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Unemployment Down, But Some Job Seekers Remain Pessimistic
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Job industry experts say the market is improving. Monthly stats from the state and federal governments indicate companies are adding workers.
But a visit to an East Columbus job fair found not everyone is so optimistic.
John Tyus makes his rounds at a job fair held at the Aladdin Shrine Center.
“Hi. I’m Catie. Nice to meet you, Catie. Nice to meet you.”
He stops by the United McGill Corporation table where recruiter Catie Ingram greets him with a smile and some information about the engineering and manufacturing company.
“I definitely encourage you to go to our website. All of our positions are on our website,” advises Ingram.
Tyus, who’s been looking for work for a couple of months, has a lot of experience and education. He’s worked in leadership positions; he holds a Master’s degree; he’s a realtor.
But it’s really tough still to get a position. A lot of times you send your resume and it just kind of gets thrown into a pile and never looked at.
Tyus quit his previous job because of a school conflict. He’s working toward a Doctorate in Ministry. Tyus says he thought he would land another job fairly easily, but he hasn’t been called back for an interview.
“I would think investing as much as I have as far as education and being a diligent worker that would pay off in a sense, but not so much. Not right now.”
Despite Tyus’ experience, those on the other side of the hiring table say the job market has improved.
Since Ohio’s unemployment rate hit its peak at 10.6 percent in late 2009, the number of people without a job has steadily declined. Preliminary figures show the state’s jobless rate for October was the lowest in more than four years at 6.9 percent.
Catie Ingram, the recruiter with United McGill Corporation, says hiring among certain job sectors is gaining ground.
I think right now, depending on the industry, there’s a lot of pick up especially in production. As the consumer economy is getting better, people are buying more, therefore production is picking up.
Cindy Kazalia is an employment specialist with New Directions Career Center in Downtown Columbus. While Kazalia agrees the job market is beginning to rebound, she says salaries are not.
“If you think about it in terms of your own personal household, most of our household budgets have become a little more conservative than a few years ago,” Kazalia says. “And I think that employers are dealing with their own economic realities in terms of tightening the budgets a little bit. And so I don’t think you’re going to see the salaries approach the heights that they were a two or three years ago.”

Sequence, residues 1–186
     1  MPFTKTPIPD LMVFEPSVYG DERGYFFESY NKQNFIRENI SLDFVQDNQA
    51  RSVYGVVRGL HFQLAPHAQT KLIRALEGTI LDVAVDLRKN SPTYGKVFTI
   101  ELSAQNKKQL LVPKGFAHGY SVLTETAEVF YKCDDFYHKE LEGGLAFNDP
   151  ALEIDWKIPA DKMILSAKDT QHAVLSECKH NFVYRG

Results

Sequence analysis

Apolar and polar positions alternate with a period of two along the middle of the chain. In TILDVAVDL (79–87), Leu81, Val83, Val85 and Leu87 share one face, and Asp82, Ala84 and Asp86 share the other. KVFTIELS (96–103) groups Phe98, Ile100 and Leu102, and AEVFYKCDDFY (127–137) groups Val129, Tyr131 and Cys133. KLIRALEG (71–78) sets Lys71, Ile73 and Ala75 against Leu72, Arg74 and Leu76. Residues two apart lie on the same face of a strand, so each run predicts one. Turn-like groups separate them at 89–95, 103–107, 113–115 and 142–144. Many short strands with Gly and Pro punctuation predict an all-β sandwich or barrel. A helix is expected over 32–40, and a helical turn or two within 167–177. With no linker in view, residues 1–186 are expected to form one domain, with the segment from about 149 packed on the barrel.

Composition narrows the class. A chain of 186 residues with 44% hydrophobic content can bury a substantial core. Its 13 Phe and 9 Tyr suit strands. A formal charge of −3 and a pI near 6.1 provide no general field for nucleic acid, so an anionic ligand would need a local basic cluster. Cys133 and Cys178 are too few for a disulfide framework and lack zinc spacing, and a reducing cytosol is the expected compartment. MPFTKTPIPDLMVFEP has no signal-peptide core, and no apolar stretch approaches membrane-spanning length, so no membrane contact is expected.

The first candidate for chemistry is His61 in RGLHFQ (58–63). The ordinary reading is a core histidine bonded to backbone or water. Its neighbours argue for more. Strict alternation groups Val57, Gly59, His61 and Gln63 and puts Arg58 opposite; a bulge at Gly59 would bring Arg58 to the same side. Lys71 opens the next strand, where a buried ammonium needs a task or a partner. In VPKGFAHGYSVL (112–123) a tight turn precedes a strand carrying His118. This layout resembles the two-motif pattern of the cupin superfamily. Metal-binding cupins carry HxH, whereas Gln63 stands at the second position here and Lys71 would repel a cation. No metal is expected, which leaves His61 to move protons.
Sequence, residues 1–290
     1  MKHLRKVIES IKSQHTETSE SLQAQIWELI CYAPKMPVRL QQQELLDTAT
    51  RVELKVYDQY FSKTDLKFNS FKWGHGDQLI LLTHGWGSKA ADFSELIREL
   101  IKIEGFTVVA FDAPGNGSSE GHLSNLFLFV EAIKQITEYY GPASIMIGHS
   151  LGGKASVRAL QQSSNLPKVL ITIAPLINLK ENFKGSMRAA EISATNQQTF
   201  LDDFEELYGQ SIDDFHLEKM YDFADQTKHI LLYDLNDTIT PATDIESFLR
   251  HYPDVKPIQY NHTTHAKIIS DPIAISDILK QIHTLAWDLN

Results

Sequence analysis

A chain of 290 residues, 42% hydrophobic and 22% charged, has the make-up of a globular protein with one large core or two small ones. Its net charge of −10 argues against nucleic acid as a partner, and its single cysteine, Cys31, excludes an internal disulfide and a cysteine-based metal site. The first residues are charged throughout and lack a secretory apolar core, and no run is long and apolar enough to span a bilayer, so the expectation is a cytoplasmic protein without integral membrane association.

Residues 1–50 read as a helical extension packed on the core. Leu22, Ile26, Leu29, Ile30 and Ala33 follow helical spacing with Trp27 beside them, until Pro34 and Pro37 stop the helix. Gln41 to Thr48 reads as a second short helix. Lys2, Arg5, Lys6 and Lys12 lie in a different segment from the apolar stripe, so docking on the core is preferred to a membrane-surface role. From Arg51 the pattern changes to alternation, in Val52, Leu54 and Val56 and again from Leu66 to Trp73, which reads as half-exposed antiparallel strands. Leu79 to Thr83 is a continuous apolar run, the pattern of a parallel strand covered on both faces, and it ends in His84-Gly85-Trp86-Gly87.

And although the job candidate pools have gotten smaller, Kazalia notes employers still can cherry pick their hires.
However, there are a lot more positions that are aligned with people’s skills and abilities than there might have been two or three years ago. Right now, there are more opportunities for people in their field, and they’re not necessarily having to totally ‘Band-Aid’ their job situation to get some money coming in.
Back at the Aladdin Shrine Center, job seekers mill about the 15 or so different employers’ tables.
Nicole Smith, of Columbus, is only about a week into her job search. Smith says she’s already received one call back. But the job was commission only, which didn’t interest her. She hesitantly says her outlook is “good.”
“It’s just really hard to tell. And I think there’s a lot of uncertainty in the market right now with what’s going on in Washington with the ‘fiscal cliff.’ So I think there’s undoubtedly companies that are going to be waiting to see what they do.”
Eric Leday, who moved to Columbus from Louisiana just six months ago, was laid off about a week ago from his IT job. Leday says he’s received numerous calls for potential jobs.
“The problem is I’ve been running into a lot of contract positions, and, of course, I’m looking for something permanent and that’s been the issue so far.
And Leday’s optimism is a little low.
I’m a little discouraged. I mean because I’ve never ever lost a job before. It’s a scary position. I’m a little down about it to be honest, but I’m here and I’m busting my tail to find something.
For people out there looking for work, career counselor Cindy Kazalia suggests staying current in their industry: reading industry articles and keeping professional group affiliations, if possible.
And, of course, she says to network, network, network.